Friday, December 1, 2023

365 Days in the ICU

I don't often share the details of our journey unless I think they might help someone else. Mostly, it's because there is a lot to recount, a lot to digest, too much reality for some, or just too personal.
Sometimes, it can be healing to share.
A year ago, today was one of the worst days of our journey. I decided to write it down so, on the difficult days, I can be reminded of how far God has brought us.
On the evening of November 30th, 2022, I was leaving Cohen's room to do a child swap with Todd. She needed to get to gymnastics practice, and he was waiting in the car. To my surprise, Cohen's primary doctor and both primary surgeons were sitting outside his room. It was apparent that the conversation was not going to be quick or pleasant, so I sent my daughter back into the room to wait. Cohen had several immediate issues: his inflamed appendix needed to be removed, he had a fungal infection from his central line that required the line to be replaced, and his pancreas was filled with sludge and stones. Furthermore, they wanted to perform all of these procedures in the morning. There are so many details that need to fall into place when Cohen goes to the OR that there has been an unwritten policy to avoid "add-on" trips at all costs. None of us felt great about deciding this at five in the evening, but everyone agreed that it needed to be done.

Cohen was already experiencing breathing issues, requiring 2 liters of oxygen and trialing bipap at night. On the morning of December 1st, I had a sinking feeling in the pit of my stomach, a feeling some refer to as "mama's intuition." I felt the need to take lots of pictures and videos while holding onto his hand. The morning seemed to drag on forever as we anxiously waited to hear when they were ready for him.

We were so excited to discover that we had one of our favorite anesthesiologists. During our huddle, I shared that things were a bit different, and Cohen now required supplemental oxygen. After the preop time out, Cohen and I did our final prayers, hugs, and goodbyes. Not knowing that hours later I would replay those moments over and over again in my mind, desperatly trying to relive every second while begging God for the opportunity for more.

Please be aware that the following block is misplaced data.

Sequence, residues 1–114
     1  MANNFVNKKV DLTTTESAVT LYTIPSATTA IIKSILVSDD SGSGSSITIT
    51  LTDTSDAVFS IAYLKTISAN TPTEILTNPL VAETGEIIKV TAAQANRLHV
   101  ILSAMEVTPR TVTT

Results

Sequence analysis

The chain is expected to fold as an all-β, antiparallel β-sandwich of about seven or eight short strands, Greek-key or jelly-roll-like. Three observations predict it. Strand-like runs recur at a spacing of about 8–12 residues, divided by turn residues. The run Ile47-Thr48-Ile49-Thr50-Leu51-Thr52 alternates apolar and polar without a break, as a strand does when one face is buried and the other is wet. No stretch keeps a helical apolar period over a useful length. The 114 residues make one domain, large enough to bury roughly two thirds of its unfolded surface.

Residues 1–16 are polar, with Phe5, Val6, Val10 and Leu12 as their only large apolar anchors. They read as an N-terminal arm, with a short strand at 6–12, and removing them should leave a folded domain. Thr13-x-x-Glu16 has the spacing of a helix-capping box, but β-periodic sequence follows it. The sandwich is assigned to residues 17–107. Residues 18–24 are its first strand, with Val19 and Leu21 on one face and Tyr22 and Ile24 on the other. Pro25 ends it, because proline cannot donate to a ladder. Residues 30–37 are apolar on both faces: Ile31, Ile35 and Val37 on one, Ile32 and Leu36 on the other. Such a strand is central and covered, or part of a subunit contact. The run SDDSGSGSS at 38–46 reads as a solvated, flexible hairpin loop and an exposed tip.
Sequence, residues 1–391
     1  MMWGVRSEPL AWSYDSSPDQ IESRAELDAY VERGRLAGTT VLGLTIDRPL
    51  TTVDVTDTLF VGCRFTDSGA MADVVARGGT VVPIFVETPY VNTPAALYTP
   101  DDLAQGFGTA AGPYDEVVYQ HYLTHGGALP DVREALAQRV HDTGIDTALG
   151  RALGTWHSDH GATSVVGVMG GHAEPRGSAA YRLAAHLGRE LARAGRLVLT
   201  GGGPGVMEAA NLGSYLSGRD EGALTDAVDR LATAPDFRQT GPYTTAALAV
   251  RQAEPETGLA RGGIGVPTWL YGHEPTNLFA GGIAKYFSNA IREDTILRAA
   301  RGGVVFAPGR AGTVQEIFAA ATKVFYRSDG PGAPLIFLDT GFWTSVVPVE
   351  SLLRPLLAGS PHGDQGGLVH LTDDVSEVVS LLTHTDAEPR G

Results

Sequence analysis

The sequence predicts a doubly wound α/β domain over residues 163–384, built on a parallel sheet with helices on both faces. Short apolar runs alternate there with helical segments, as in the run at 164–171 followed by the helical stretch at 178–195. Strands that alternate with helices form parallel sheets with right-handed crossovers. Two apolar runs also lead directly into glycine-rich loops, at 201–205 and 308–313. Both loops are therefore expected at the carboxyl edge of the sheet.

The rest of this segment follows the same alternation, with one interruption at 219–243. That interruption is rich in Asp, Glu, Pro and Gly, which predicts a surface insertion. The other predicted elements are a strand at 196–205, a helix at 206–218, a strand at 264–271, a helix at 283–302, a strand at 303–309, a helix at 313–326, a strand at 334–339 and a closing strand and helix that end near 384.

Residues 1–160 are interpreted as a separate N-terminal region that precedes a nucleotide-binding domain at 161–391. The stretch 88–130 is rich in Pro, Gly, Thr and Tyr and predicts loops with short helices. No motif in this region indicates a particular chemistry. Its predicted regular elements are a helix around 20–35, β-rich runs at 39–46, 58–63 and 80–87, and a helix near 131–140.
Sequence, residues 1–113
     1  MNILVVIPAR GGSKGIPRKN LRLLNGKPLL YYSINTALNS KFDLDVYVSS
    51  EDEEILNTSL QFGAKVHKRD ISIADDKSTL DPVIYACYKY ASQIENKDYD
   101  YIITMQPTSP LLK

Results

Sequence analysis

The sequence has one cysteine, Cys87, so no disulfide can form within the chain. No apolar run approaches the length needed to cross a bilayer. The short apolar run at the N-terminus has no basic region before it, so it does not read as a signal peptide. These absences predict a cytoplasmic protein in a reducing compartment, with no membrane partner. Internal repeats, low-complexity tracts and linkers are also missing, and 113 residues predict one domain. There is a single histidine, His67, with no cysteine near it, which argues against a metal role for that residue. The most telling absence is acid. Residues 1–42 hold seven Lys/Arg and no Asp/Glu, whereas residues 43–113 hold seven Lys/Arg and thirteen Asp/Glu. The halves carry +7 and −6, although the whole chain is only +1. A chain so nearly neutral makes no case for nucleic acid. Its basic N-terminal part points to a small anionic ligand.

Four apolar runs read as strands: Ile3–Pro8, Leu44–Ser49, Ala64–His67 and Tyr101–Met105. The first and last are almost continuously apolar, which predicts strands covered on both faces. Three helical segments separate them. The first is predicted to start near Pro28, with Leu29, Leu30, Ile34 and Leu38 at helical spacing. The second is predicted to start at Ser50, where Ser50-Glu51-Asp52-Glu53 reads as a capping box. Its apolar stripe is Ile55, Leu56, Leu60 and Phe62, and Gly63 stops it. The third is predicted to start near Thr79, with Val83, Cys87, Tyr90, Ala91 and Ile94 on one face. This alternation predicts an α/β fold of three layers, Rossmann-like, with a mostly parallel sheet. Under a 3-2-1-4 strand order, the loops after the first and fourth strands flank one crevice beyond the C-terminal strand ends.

The girls and my mother-in-law came to wait with me that day. We were up in his room, and I was busy with my usual nervous tasks when my phone rang. I had only left him thirty minutes ago for what was scheduled to be a lengthy procedure. When I saw the name on the caller ID, my heart sank. It was our primary surgeon. "Carrie, where are you?" The memory still echoes in my mind. He told me to wait there and said that he was coming to see me. You don't have to have ever had someone you love in surgery to know that whatever he was coming to tell was not going to be good. I paced the halls of our unit, waiting for what felt like an eternity. Word quickly spread that I had received a call, and our primary nurse practitioner met me in the hallway.

Minutes later, our surgeon and anesthesiologist appeared from around the corner. I remember thinking, "Why are both of you here... Who is with Cohen?" My brain wouldn't allow my heart to piece together the details. Suddenly, as if she had appeared out of thin air, our primary doctor, Stella, stood beside me and directed us to an unoccupied patient room. I don't know when others joined us, but I remember scanning the room and suddenly seeing it filled with nurses, child life specialists, and attendings. I don't know how to explain it, but it feels like all my nerves are exposed, allowing me to perceive and experience words and sounds as they surround me. Someone suggested calling Todd. Stella reached for the phone, recognizing that my hands were too shaky.

"Cohen immediately got into trouble when we brought him back into the OR, and we had to call for help." They went on to tell us that they struggled for a while trying to re-establish his airway, but they were finally able to place a breathing tube with the help of the Critical Airway team. At that point, he was too critical to undergo the surgery and needed to be transferred to the ICU to be reevaluated before the possibility of surgery could be reconsidered. We have always asked them to be honest and transparent with us, and this was not the moment to sugarcoat anything. They went on to say that it was an incredibly dangerous situation, and they were extremely concerned that if the tube accidentally came out, they would not be able to reinsert another one. The tube was very fragile due to his severe allergies, so they could only use ties instead of tape to keep it secure.

All I wanted to do was to see Cohen and hold him, but they needed to stabilize him in the OR before it would be safe to transfer him. Our team wanted to get back to him so they could provide us with a better update. Stella went to talk to the girls because I was too upset to return to the room and see them. I didn't want them to witness me so upset. She shared a portion of the news with them, delivering it in her remarkably gentle manner. After taking care of me and the girls, she informed me that she was going to check on Cohen and promised to update me soon.